Average scores are less interpretable since they will be naturally higher for larger subreddits, and the dataset does not record upvotes and downvotes separately so I could not normalise. Despite this, /r/soccer stands out as having particularly high average scores relative to its size, although this could be due to more ‘lurkers’ – users voting but not commenting.

Leagues and Teams

Next I focused in on three largest leagues/sports, looking at summary statistics for individual team subreddits in the NFL, NBA and Premier League.


Subreddit Authors Comments Average Score Comments Per Author
/r/Patriots 40085 1307903 4.8 32.6
/r/GreenBayPackers 26345 769848 5 29.2
/r/Seahawks 25352 702994 5.3 27.7
/r/eagles 20264 770894 4.6 38
/r/cowboys 20013 649778 4.3 32.5
/r/minnesotavikings 17753 631414 4.5 35.6
/r/DenverBroncos 17463 563280 4.3 32.3
/r/steelers 15373 408690 3.9 26.6
/r/49ers 14746 466076 4.3 31.6
/r/detroitlions 14310 382013 4.1 26.7
/r/falcons 13890 319984 4.8 23
/r/panthers 13330 381969 4.5 28.7
/r/CHIBears 13304 396000 4.7 29.8
/r/NYGiants 13180 373919 4.2 28.4
/r/Browns 12262 489700 3.4 39.9
/r/Texans 11658 339026 4.5 29.1
/r/Chargers 10960 279111 4 25.5
/r/oaklandraiders 10652 365600 3.9 34.3
/r/bengals 10617 222847 4.5 21
/r/buffalobills 10147 282441 4 27.8
/r/ravens 9921 294932 4.1 29.7
/r/Colts 9606 237727 4 24.7
/r/nyjets 9542 273689 3.9 28.7
/r/Redskins 9454 273847 4 29
/r/miamidolphins 9314 361395 3.7 38.8
/r/KansasCityChiefs 8841 209136 4 23.7
/r/Tennesseetitans 6667 172603 3.7 25.9
/r/AZCardinals 6629 121659 4.4 18.4
/r/Saints 6281 147491 3.7 23.5
/r/LosAngelesRams 5842 78286 3.9 13.4
/r/Jaguars 5525 147997 3.6 26.8
/r/buccaneers 5383 188094 3.5 34.9
/r/StLouisRams 4867 57683 3.6 11.9

Unsurprisingly the /r/Patriots came out top (again), with the volume of activity for other teams seemingly driven by a combination of recent and historical success. I was surprised to see the highest number of comments per user in /r/Browns – fans were seemingly not deterred by poor performance on the field, or maybe they just had a lot to complain about.


Subreddit Authors Comments Average Score Comments Per Author
/r/warriors 23309 537913 4.7 23.1
/r/clevelandcavs 17028 579492 4.1 34
/r/lakers 16344 433834 4.2 26.5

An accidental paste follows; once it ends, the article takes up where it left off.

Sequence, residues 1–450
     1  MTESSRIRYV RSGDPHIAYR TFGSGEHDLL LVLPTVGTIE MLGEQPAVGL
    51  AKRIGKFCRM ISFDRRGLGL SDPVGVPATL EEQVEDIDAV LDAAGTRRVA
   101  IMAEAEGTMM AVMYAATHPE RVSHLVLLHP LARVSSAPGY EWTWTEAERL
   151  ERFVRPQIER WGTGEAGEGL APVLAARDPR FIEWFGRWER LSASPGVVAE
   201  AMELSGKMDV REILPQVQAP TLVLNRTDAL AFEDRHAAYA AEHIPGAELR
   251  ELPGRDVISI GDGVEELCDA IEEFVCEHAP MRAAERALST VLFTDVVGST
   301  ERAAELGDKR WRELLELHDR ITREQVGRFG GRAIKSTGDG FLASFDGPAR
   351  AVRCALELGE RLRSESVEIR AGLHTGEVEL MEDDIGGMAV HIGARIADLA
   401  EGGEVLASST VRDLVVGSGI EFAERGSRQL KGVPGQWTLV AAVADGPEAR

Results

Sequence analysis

/r/chicagobulls 13741 570859 3.8 41.5
/r/torontoraptors 12717 275571 4 21.7
/r/bostonceltics 11580 484028 3.7 41.8
/r/NYKnicks 10244 365284 3.8 35.7
/r/sixers 8717 365950 4.1 42
/r/rockets 8702 257372 4.1 29.6
/r/Thunder 8630 125711 3.6 14.6
/r/NBASpurs 7813 119889 4.6 15.3
/r/heat 7238 353505 3.6 48.8
/r/timberwolves 6693 171573 4.2 25.6
/r/AtlantaHawks 6341 120987 4.7 19.1
/r/ripcity 6039 112817 3.7 18.7
/r/Mavericks 5671 91048 3.7 16.1
/r/kings 4801 133729 3.5 27.9
/r/MkeBucks 4716 154518 4 32.8
/r/LAClippers 4010 219454 3.8 54.7
/r/suns 3919 88187 3.5 22.5
/r/CharlotteHornets 3756 58145 3.7 15.5
/r/washingtonwizards 3698 64839 3.8 17.5
/r/DetroitPistons 3628 94115 3.4 25.9
/r/pacers 3078 47022 3.2 15.3
/r/OrlandoMagic 2925 76144 3.4 26
/r/GoNets 2655 38977 3 14.7
/r/NOLAPelicans 2627 38824 3 14.8
/r/denvernuggets 2554 90911 3.5 35.6
/r/UtahJazz 2494 43195 4.1 17.3
/r/memphisgrizzlies 2297 27310 4.2 11.9

A similar story for the NBA, with the two most recent champs topping the table, followed by the historically strong Lakers and Bulls. /r/torontoraptors at 5th is perhaps a consequence of the higher relative Reddit interest in Canada.

Premier League

Subreddit Authors Comments Average Score Comments Per Author
/r/reddevils 32185 1857705 6 57.7
/r/Gunners 29602 1682461 5.3 56.8
/r/LiverpoolFC 25392 1525531 5.6 60.1
/r/chelseafc 15137 597838 4.8 39.5
/r/coys 11106 538429 5.5 48.5
/r/MCFC 5925 221853 4.5 37.4
/r/Everton 3885 155632 3.7 40.1
/r/Hammers 2462 127591 3.8 51.8
/r/SaintsFC 1359 55625 3.5 40.9
/r/lcfc 1297 11231 3 8.7
/r/swanseacity 982 32301 3.8 32.9
/r/crystalpalace 816 24877 2.9 30.5
/r/safc 620 13347 2.7 21.5
/r/Watford_FC 228 1412 2.1 6.2
/r/WBAfootball 223 4883 3.2 21.9
/r/AFCBournemouth 213 1122 1.8 5.3
/r/HullCity 201 1338 2.6 6.7
/r/StokeCityFC 201 1442 1.8 7.2
/r/Burnley 153 1547 2 10.1
/r/Middlesbrough 64 129 1.4 2

It felt neater to consider Premier League clubs, although arguably the top European clubs would have been a better set since the smaller Premier League teams have relatively low levels of activity. The historical strength and high profile of Manchester United (r/reddevils) meant they topped the table, despite a lack of titles over the period. Behind them were the remainder of the current ‘top six’. Of note is that Leicester (r/lcfc) had a very low number of comments per author – relatively unengaged fans jumping on the championship bandwagon perhaps?

It was interesting to see that the top Premier League clubs had similar numbers of authors and higher numbers of comments than top NFL and NBA teams, despite the strong bias towards US users – Manchester United, Liverpool and Arsenal all saw more comments than any NFL or NBA team, and only the Patriots had more authors than Manchester United. Having said that, the drop off for other English clubs is stark.

This could be partially explained by the long term financial advantages enjoyed by top premier league clubs, in contrast to the forced egalitarianism of US leagues. This also may explain why the relatively smaller UK market manages to generate high levels of top team activity relative to US counterparts – the smaller number of fans are distributed much more unevenly onto teams. Finally, as we know from our analysis of TV audience data the Premier League is incredibly international in its fanbase, and international fans are far more likely to follow a high profile club like Manchester United than lower level clubs like West Bromwich Albion, whose presence in the Premier League is likely to be transient.